The PLUREL project, FP6 programme (2007-11) tackled three main issues; the first one regarding the difficulties in controlling changes in land use in many EU countries. The PLUREL project therefore analysed the levels of organisation, democratic control and fragmentation of governance structures across archetypal rural/urban regions. The second issue regarded problems in spatial planning and urban sprawl, brought about by the NIMBYism mentality, and finally the issue of financial and taxation mechanisms which are also drivers of urban sprawl. The results showed that there is a need for strong democratic governments to manage market forces and aim at avoiding fiscal incentives which might ...view middle of the document...
According to statistics, Brussels is one of the richest cities which does not correspond to the income distribution. Administrative regions need to manage their resources and incentivise the development of regional innovation strategies. (Tosics, 2011)
The last project, termed EUROCITIES Metropolitan Areas Working Group, was founded in the hope that FUAs in the future, will grow to prove more important than administrative regions. This project incorporated results from the aforementioned METROGOV and URBACT projects, elucidating how zero-sum game functions such as waste handling and sewage plants, should be dealt with by fixed boundary organisations at FUA level. In contrast to this, the results also yielded that functions of a win-win nature such as marketing and joint economic planning, are possibly dealt with by flexible solutions on the broader economic cooperation level.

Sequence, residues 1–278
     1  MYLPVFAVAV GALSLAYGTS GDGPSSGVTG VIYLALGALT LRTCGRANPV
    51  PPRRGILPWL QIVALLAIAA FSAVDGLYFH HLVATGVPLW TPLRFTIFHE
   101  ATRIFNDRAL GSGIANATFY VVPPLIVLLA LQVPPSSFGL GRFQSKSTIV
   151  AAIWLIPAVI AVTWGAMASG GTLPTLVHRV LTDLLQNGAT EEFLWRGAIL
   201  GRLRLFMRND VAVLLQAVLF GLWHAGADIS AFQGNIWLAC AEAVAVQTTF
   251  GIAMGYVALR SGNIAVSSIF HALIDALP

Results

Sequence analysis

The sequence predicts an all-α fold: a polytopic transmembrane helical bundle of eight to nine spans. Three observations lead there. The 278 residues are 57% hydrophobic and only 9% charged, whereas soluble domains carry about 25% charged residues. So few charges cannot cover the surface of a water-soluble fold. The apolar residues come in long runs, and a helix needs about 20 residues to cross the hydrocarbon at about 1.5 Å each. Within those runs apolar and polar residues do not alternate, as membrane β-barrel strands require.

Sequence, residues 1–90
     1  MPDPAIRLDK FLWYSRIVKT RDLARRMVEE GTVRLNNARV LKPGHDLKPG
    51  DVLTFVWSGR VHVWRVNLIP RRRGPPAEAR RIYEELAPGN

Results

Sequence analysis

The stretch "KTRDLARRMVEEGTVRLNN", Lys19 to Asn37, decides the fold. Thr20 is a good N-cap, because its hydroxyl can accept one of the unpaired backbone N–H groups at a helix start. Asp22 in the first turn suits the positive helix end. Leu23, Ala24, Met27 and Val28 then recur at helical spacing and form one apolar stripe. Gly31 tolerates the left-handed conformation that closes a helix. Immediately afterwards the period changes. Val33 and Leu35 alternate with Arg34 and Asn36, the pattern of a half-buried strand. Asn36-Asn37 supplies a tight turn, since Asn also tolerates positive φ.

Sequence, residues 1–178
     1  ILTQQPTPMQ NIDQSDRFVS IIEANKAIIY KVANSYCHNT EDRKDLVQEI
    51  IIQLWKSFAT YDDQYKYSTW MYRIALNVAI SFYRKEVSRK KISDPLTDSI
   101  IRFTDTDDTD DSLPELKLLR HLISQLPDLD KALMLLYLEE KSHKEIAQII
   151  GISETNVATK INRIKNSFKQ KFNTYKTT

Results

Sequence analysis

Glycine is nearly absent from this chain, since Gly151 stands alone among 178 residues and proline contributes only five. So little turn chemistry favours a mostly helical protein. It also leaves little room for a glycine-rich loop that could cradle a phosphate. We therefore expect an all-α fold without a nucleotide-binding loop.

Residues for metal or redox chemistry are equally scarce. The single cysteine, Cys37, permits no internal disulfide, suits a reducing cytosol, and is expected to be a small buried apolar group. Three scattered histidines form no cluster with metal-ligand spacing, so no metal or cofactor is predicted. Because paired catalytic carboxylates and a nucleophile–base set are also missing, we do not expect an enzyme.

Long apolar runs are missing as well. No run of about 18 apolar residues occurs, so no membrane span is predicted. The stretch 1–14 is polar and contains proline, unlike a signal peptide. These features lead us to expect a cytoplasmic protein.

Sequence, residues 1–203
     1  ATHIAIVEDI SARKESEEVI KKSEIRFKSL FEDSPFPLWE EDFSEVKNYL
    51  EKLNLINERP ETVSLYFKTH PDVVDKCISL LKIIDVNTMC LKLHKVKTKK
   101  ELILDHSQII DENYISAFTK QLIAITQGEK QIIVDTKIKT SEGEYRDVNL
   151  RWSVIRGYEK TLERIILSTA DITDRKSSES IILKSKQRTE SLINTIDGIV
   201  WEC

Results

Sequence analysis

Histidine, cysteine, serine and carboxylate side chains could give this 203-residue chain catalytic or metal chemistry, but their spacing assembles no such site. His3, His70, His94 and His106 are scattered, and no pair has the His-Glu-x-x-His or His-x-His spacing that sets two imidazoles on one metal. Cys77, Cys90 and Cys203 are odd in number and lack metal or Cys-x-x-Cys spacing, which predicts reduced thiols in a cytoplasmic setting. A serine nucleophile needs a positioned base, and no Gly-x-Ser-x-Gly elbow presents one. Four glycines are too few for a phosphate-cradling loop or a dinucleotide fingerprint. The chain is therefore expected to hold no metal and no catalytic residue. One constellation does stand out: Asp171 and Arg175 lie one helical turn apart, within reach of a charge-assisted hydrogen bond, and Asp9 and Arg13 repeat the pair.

Innovative practices to improve territorial governance in urban areas
This section of the research paper, as explained by Tosics, delivers an overview of innovative practices which aim to improve territorial governance in urban areas. The term 'Innovative' in this case, stands for the fact that the four models which will be mentioned, are based on pure scientific results which came out from the aforementioned European Projects on governance. Therefore, the roots of these models may have been based on earlier governance projects undertaken in various cities, but nevertheless, the later models were studied and logically analysed.
Back in 1989, David Harvey wrote " In recent years, urban governance has become increasingly preoccupied with the exploration of new ways in which to foster and encourage local development and employment growth. Such an entrepreneurial stance contrasts with the managerial practices of earlier decades which primarily focussed on the local provision of services, facilities and benefits to urban populations." which furthermore illustrates the eve changing dimensions of urban governance.
Formal, designated metropolitan governance model
Formal models of governance have long existed, however in this paper, the governance model will be explained through results obtained from the METREX (the European network of metropolitan regions and areas). This model aims for structured and predefined, city/region boundaries. Metropolitan areas need competences and process in order to achieve effective integration in social, economic, environmental and spatial planning. METREX classified three city/region models: Comprehensive model (elected authorities for planning and implementation) ; Core Power Model (elected authorities for planning of a specific range of issues) ; Agency/Voluntary model (appointed metropolitan agencies with strategic planning responsibilities). The METREX Practice Benchmark was set up to enable regions to judge their strengths and weaknesses in relation to metropolitan governance. The broader the region around the city core, the less...